Lee County citizens opened the fair by presenting a 360-pound “great Denmark Cheese” to Governor-elect James W. Grimes. Though primarily showing Iowan goods—including cattle, oxen, horses, mules, sheep, swine, poultry, farm implements, produce, cloth, prepared foods, artwork, and inventions—the fair also attracted first-rate contestants from across the country.
The natural history of Iowa was illustrated by Dr. J. M. Shaffer‘s collection of reptiles and insects, and by a fine collection of birds shown by Mr. Moore, of Des Moines. Benjamin C. Perkins brought his sheep some 560 miles from Rochester, Ohio, winning awards for them. John Andrews of Pleasant Plain, a Virginian Quaker, won the prizes for the best long-wooled sheep.
In 1880, a historian from Keokuk wrote this about the first fair’s highlight…
The most exciting incident of the fair was the equestrian exhibition by ten ladies. This took place on the afternoon of the second and the forenoon of the third day. The first prize was a gold watch, valued at one hundred dollars. It was awarded by the committee to Miss Belle Turner of Keokuk. One of the fair contestants was Miss Eliza J. Hodges, then only thirteen years of age. She rode a splendid and high-spirited horse, the property of Dr. J. C. Ware, of Fairfield. The daring style of her riding, and the perfect control of the animal which she maintained, enlisted the favor and sympathy of the throng present in her behalf. The popular verdict would have awarded the prize to Miss Hodges. A purse of $165, and some other presents, were immediately contributed for the “Iowa City girl,” as the heroine of the day was called. Provision was also made for her attendance, free of all charge, for three terms, at the Ladies’ Seminary at Fairfield, and one term at Mt. Pleasant, all of which she gracefully accepted.
In October of 1855, Fairfield’s second fair enclosed seven acres of exhibits and drew as many as 13,000 to 15,000 visitors. John Deere from Illinois won both first and second prize for best cultivator, and the committee recommended a diploma to the “neat and curious” Sharps breech-loading rifle manufactured in Hartford, Connecticut. The highly accurate, long-range Sharps rifle was the famous “Beecher’s Bible” weapon of choice for John Brown and New England emigrants to Bleeding Kansas of 1855–56, and was favored by U. S. Army sharpshooters and by the cavalry of both sides in the Civil War.
After the first two years in Fairfield (1854-55), the fair moved from town to town throughout eastern Iowa: Muscatine (1856–57), Oskaloosa (1858–59), Iowa City (1860–61), Dubuque (1862–63), Burlington (1864–66), Clinton (1867–68), Keokuk (1869–70, 1874–75), and Cedar Rapids (1871–73, 1876–78).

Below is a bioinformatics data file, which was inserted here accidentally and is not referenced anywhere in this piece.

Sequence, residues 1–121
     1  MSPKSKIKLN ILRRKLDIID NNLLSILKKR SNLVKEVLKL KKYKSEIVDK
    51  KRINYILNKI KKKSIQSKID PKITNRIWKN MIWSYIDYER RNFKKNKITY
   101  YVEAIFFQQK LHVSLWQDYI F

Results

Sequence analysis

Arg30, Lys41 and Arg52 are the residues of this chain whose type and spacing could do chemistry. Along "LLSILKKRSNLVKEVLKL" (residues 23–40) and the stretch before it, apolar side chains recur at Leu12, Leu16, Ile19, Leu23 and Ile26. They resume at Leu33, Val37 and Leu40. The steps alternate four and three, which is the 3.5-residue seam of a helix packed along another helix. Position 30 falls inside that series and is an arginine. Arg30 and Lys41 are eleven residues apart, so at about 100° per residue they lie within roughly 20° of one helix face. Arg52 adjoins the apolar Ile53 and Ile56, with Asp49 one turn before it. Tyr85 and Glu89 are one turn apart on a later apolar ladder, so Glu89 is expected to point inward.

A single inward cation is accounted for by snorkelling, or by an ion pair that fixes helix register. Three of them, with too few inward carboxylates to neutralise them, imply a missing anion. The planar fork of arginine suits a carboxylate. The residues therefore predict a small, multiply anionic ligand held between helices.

Above is an interesting overview of the first six years of the Iowa State Fair – 1854-1859. This writeup came from a lengthy report the governor on the 1860 State Fair held in Iowa City. Read more here.
(Above left) Wetherby Photography in Iowa City offered ‘State Fair’ specials in 1860. (Above right) The October 17, 1866 edition of the Iowa City Republican reports that in nearby Wapello the steamboat Iowa City took a group of people to the 1866 State Fair, which was held that year in Burlington.
The Fair moved permanently within the Des Moines city limits in 1879. After the Iowa State Legislature and the City of Des Moines appropriated funds for the Fair in 1886, it moved to its current location at East 30th and East Grand in Des Moines.
The fair was not held in 1898, due to the celebration of the World’s Fair in nearby Omaha, Nebraska, as well as the Spanish–American War, 1942–1945 due to World War II, when the state allowed military personnel to use the grounds as a supply depot, nor 2020 due to the COVID-19 pandemic.
The USPS Iowa Territorial Centennial stamp featuring Old Capitol has its First Day of Issue – August 24, 1938 – at the 1938 Iowa State Fair…
Our Iowa State Fair was the setting for the 1933 film State Fair and its 1945 musical adaptation.
Sing-Along with “Our State Fair” from 1945…
(P-0176) (P-0177) Greetings from Iowa. Over the years, “Greetings from Iowa” postcards have always been popular. Here’s one from the 1950’s (above), and we love artist David Luebke’s “Greetings from Iowa” design from 1988 (below). Read more here.
And you just can’t go to The Iowa State Fair without enjoying the food!
(C-0185) 2015 – Summer Harvest. In Iowa, there is nothing better than fresh summer produce. Watermelon, Cantaloupe, Tomatoes, and especially Iowa Sweet Corn. The art for these four stamps was inspired by vintage shipping crate labels, seed packets, and catalogs.
(P-0207) Finally, let’s end this big State Fair celebration with this Hog Wild postcard from the 1990’s.
Kudos to the amazing resources below for the many quotes, photographs, etc. used on this page.